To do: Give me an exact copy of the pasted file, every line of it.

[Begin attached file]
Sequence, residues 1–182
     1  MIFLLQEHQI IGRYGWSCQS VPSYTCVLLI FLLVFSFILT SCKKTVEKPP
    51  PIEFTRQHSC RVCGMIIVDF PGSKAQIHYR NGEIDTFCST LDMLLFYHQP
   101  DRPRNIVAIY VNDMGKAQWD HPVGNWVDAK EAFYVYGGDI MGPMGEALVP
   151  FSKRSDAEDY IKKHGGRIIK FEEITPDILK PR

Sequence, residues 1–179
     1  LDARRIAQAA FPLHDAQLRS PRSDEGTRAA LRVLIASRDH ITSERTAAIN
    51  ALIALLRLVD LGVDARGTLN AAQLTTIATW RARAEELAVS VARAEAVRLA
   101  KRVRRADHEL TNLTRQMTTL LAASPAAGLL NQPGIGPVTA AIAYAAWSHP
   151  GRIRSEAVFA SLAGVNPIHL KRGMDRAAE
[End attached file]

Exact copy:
Sequence, residues 1–182
     1  MIFLLQEHQI IGRYGWSCQS VPSYTCVLLI FLLVFSFILT SCKKTVEKPP
    51  PIEFTRQHSC RVCGMIIVDF PGSKAQIHYR NGEIDTFCST LDMLLFYHQP
   101  DRPRNIVAIY VNDMGKAQWD HPVGNWVDAK EAFYVYGGDI MGPMGEALVP
   151  FSKRSDAEDY IKKHGGRIIK FEEITPDILK PR

Sequence, residues 1–179
     1  LDARRIAQAA FPLHDAQLRS PRSDEGTRAA LRVLIASRDH ITSERTAAIN
    51  ALIALLRLVD LGVDARGTLN AAQLTTIATW RARAEELAVS VARAEAVRLA
   101  KRVRRADHEL TNLTRQMTTL LAASPAAGLL NQPGIGPVTA AIAYAAWSHP
   151  GRIRSEAVFA SLAGVNPIHL KRGMDRAAE